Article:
Home Brew Solar Cells for the Chemically Curious Hackaday

The idea of making your own semiconductors from scratch would be more attractive if it werent for the expensive equipment and noxious chemicals required for silicon fabrication. But simple semiconductors can be cooked up at home without anything fancy, and they can actually yield pretty good results.

Granted, [Simplifier] has been working on the method detailed in the video below for about a year, and a look at his post on copper oxide thin-film solar cells reveals a meticulous approach to optimize everything. He started with regular window glass, heated over a propane burner and sprayed with a tin oxide solution to make it conductive while remaining transparent. The N-type layer was sprayed on next in the form of zinc oxide doped with magnesium. Copper oxide, the P-type layer, was electroplated on next, followed by a quick dip in copper sulfide to act as another transparent conductor. A conductive compound of sodium silicate and graphite was layered on the back to form the electrical contacts. The cell worked pretty well 525 mV open circuit voltage and 6.5 mA short-circuit current. Not bad for home brewed.

If you want to replicate [Simplifier]s methods, youll find his ample documentation of his site. Of course, if you yearn for DIY silicon semiconductors, theres a fab for that, too.


California: Recruiters Must Share Pay Range Info Upon Request SoylentNews

Here in California, our government has passed a strange new law.

Although intended to force employers to stop offering different pay rates to men and women, the new law has the strange side effect of forcing recruiters to play fair - and recruiters aren't liking it. The law also forbids asking candidates for their prior compensation history. Again, recruiters and hiring managers aren't liking the new shift in the balance of power:

Assembly Bill No. 168
SECTION 1. Section 432.3 is added to the Labor Code, to read:

432.3. (a) An employer shall not rely on the salary history information of an applicant for employment as a factor in determining whether to offer employment to an applicant or what salary to offer an applicant.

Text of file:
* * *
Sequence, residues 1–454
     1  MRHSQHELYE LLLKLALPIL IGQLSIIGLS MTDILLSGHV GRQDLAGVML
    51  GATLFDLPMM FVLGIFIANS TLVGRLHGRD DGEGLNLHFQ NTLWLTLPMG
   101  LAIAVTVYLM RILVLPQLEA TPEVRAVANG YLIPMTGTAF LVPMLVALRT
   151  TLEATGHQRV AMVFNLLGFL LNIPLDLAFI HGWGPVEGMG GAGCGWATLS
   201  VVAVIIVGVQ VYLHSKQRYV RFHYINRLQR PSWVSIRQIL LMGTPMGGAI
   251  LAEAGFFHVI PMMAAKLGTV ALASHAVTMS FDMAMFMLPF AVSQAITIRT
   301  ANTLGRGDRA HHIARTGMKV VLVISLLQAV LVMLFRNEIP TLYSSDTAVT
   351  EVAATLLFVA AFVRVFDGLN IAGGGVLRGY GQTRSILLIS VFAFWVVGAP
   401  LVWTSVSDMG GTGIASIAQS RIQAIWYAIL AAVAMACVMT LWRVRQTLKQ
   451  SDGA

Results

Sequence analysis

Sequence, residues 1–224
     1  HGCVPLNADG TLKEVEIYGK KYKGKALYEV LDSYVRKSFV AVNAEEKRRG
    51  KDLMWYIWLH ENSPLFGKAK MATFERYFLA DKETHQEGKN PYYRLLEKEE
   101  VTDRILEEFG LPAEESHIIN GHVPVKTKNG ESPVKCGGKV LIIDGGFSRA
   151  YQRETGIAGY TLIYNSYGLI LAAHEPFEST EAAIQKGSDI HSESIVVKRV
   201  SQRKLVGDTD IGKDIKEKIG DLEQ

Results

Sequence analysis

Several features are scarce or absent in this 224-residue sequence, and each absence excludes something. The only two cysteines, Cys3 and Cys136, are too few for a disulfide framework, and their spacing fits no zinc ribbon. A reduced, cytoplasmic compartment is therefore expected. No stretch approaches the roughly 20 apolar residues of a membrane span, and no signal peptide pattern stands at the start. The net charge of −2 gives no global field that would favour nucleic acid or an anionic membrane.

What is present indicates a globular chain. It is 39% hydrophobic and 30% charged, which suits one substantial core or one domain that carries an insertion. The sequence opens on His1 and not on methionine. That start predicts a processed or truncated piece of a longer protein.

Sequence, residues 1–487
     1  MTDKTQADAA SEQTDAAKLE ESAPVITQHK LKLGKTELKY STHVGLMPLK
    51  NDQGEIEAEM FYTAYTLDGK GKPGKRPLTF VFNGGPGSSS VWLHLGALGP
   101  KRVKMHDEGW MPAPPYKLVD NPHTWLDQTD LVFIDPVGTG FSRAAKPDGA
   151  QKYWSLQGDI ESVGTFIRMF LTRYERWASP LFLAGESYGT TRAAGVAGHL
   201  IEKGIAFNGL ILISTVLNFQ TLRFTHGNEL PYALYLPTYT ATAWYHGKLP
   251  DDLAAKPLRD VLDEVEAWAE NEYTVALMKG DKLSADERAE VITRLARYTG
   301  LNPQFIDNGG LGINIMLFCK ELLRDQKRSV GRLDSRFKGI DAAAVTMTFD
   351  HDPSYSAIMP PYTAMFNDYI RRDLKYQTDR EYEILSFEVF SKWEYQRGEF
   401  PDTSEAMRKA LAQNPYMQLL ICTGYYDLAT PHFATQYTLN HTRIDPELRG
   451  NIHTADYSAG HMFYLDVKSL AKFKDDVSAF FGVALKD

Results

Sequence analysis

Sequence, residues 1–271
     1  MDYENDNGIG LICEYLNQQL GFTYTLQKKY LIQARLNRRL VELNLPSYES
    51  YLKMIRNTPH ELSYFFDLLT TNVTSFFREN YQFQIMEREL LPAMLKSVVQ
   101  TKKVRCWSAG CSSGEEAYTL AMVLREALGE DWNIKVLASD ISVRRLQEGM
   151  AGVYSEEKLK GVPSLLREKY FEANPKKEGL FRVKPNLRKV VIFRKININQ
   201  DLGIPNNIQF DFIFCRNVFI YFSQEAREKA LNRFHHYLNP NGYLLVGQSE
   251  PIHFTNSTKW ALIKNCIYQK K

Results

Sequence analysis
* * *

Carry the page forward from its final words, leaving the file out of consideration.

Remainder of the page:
(b) An employer shall not, orally or in writing, personally or through an agent, seek salary history information, including compensation and benefits, about an applicant for employment.

(c) An employer, upon reasonable request, shall provide the pay scale for a position to an applicant applying for employment.

(d) Section 433 does not apply to this section.

(e) This section shall not apply to salary history information disclosable to the public pursuant to federal or state law, including the California Public Records Act (Chapter 3.5 (commencing with Section 6250) of Division 7 of Title 1 of the Government Code) or the federal Freedom of Information Act (Section 552 of Title 5 of the United States Code).

(f) This section applies to all employers, including state and local government employers and the Legislature.

(g) Nothing in this section shall prohibit an applicant from voluntarily and without prompting disclosing salary history information to a prospective employer.

(h) If an applicant voluntarily and without prompting discloses salary history information to a prospective employer, nothing in this section shall prohibit that employer from considering or relying on that voluntarily disclosed salary history information in determining the salary for that applicant.

(i) Consistent with Section 1197.5, nothing in this section shall be construed to allow prior salary, by itself, to justify any disparity in compensation.

(emphasis added)

Read more of this story at SoylentNews.


European Electricity Industry Pledges to Deliver on Paris Agreement | UNFCCC Lifeboat News: The Blog

EURELETRIC, the association representing the interests of the electricity industry in Europe, has said the regions power companies intend to be both part of a competitive European economy and reliably powered by clean, carbon-neutral energy.

Read more


Digital Transformation: Interview with David Edgerton, Kings College London | Manuel Stagars Lifeboat News: The Blog

In conversations with visionaries, decision makers, technologists, leading scientists, entrepreneurs, artists, and others around the world, the film gives insight into the global digital future, its most pressing challenges, and biggest opportunities. Interviews from the project are available in long form. This conversation took place in June 2017 with David Edgerton, Hans Rausing Professor of the History of Science and Technology and Professor of Modern British History at Kings College London.

Read more


500 Companies to Commit to Science-Based Climate Targets | UNFCCC Lifeboat News: The Blog

In an effort to spur further climate action at this years Global Climate Action Summit in September and at the United Nations Climate Change Conference (COP24) in December, Summit co-chair and Mahindra Group Chairman, Anand Mahindra today challenged businesses around the world to join the growing number of companies committed to setting greenhouse gas reduction targets in line with climate science.

Read more




World Leading Multinationals Accelerating a Clean Economy RE100 Report | The Climate Group | CDP Lifeboat News: The Blog

A rapidly growing group of ambitious multinational businesses are actively reshaping the energy market through their global investment decisions and accelerating a zero emissions economy, a new report released today (Tuesday January 23) shows.